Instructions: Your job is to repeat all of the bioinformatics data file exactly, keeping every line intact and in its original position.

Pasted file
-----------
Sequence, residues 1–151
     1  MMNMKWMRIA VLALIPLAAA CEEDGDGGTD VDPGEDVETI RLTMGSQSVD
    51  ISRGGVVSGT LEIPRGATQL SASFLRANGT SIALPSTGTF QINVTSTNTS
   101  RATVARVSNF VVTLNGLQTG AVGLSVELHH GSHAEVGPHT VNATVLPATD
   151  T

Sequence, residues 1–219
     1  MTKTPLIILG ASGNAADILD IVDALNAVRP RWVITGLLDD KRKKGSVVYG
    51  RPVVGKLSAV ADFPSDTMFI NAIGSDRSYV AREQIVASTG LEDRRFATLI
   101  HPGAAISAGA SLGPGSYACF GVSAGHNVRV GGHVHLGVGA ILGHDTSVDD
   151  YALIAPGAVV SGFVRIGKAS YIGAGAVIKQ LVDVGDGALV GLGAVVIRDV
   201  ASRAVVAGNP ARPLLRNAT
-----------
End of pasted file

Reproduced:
Sequence, residues 1–151
     1  MMNMKWMRIA VLALIPLAAA CEEDGDGGTD VDPGEDVETI RLTMGSQSVD
    51  ISRGGVVSGT LEIPRGATQL SASFLRANGT SIALPSTGTF QINVTSTNTS
   101  RATVARVSNF VVTLNGLQTG AVGLSVELHH GSHAEVGPHT VNATVLPATD
   151  T

Sequence, residues 1–219
     1  MTKTPLIILG ASGNAADILD IVDALNAVRP RWVITGLLDD KRKKGSVVYG
    51  RPVVGKLSAV ADFPSDTMFI NAIGSDRSYV AREQIVASTG LEDRRFATLI
   101  HPGAAISAGA SLGPGSYACF GVSAGHNVRV GGHVHLGVGA ILGHDTSVDD
   151  YALIAPGAVV SGFVRIGKAS YIGAGAVIKQ LVDVGDGALV GLGAVVIRDV
   201  ASRAVVAGNP ARPLLRNAT